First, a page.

From the beginning, he knew Rain was “something very unique. It brought a lot of joy to a lot of people.”

But he still doubted where it would go.

A big break came when Dick Clark hired the band to record the music for the 1979 made-for-TV movie “Birth of The Beatles.” Then the act started packing “major Broadway-type theaters,” he said. And all the hard work and dedication — and love for The Beatles —  began to pay off.

“Rain: A Tribute to The Beatles on Broadway” ran for 300 shows at the Brooks Atkinson Theatre in New York City from October 2010 to July 2011. In addition to the Broadway engagement, “Rain” has been a hugely successful national tour for years.

Just loving The Beatles and their music isn’t enough, Lewis said.

“First and foremost, you have to find great musicians,” he explained. “They have to play great and have the ability (in the case of John Lennon and Paul McCartney) to play multiple instruments, such as bass, guitar and piano, and to play these instruments at a very high level of perfection.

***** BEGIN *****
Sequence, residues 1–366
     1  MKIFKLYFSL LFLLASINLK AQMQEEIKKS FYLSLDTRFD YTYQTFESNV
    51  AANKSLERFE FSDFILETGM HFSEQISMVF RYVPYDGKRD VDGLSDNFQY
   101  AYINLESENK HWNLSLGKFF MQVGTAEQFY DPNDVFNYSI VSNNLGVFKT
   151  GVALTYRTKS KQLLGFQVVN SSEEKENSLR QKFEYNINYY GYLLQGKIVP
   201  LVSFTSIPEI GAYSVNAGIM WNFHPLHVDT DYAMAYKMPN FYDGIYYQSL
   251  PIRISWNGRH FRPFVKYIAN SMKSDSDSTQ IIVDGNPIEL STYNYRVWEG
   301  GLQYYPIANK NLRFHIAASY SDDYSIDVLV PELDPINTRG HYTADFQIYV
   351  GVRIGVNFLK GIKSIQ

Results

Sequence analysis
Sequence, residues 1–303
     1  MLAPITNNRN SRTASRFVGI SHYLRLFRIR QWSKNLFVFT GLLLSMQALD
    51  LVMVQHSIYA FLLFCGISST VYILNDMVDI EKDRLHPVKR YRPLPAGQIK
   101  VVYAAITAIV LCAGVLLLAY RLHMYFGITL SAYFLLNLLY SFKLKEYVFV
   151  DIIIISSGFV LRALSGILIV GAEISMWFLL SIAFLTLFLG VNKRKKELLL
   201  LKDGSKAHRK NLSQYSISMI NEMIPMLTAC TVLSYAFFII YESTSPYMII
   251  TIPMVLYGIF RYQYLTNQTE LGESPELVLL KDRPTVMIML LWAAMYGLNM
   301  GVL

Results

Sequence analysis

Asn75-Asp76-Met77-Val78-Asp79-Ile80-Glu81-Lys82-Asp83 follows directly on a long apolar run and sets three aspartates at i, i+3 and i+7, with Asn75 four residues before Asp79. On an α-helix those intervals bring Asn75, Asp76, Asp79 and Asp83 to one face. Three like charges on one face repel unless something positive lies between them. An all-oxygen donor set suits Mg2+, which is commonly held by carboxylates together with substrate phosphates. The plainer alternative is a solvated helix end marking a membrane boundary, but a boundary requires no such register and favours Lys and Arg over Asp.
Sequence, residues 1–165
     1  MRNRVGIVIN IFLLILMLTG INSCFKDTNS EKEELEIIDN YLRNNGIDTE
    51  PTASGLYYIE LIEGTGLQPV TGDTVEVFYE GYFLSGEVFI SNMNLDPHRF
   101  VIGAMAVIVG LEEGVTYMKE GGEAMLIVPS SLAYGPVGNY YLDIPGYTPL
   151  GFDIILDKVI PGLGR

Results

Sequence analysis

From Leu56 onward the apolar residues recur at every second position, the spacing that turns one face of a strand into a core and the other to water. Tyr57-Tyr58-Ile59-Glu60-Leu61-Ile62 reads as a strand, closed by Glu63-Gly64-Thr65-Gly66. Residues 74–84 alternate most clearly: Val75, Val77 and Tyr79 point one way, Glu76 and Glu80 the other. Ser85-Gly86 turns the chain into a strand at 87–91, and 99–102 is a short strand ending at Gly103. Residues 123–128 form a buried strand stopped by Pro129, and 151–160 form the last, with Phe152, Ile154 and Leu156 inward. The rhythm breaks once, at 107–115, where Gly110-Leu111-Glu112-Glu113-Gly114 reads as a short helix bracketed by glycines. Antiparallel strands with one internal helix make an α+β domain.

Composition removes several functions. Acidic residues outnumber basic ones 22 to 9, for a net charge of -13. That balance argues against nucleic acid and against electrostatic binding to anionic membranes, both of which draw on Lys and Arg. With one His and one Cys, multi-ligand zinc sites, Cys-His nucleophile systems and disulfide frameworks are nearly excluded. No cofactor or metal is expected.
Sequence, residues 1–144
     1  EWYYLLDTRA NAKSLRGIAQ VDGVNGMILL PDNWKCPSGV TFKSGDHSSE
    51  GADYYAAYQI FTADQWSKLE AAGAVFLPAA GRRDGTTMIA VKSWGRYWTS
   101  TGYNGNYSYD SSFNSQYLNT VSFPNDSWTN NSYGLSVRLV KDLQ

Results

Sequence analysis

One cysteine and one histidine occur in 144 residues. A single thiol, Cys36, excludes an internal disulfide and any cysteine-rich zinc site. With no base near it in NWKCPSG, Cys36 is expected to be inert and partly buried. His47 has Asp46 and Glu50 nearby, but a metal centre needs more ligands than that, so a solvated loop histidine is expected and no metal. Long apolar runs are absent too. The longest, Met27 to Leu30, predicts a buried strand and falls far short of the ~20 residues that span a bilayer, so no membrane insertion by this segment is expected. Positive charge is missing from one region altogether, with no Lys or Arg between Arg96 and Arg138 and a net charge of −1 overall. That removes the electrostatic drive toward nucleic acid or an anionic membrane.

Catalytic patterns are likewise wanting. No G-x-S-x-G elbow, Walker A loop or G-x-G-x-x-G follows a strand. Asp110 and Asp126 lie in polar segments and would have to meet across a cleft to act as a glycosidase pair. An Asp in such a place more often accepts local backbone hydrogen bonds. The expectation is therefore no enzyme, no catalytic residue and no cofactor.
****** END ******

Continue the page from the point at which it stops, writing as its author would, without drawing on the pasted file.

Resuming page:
“They have to have great ears to figure out the parts correctly, and they have to be great singers who can sound like the voices of The Beatles rather than just sounding good or unique. This in itself is a very specialized talent. They have to have a great ability to harmonize and blend well with other singers. And they have to look somewhat like the characters they portray.”

In other words, a 6-foot-tall, blond Ringo just won’t cut it.

“They have to have the confidence to front a band, and with an English accent,” Lewis continued.

This can be about as hard as figuring out the opening chord to “A Hard Day’s Night.”

“It’s an extremely difficult job for a musician,” Lewis said, “and to find people that can do this at the level of the guys in ‘Rain’ was extremely demanding. If you don’t do it to perfection, people will not only walk out on you, they will be angry at you. You will be laughed at.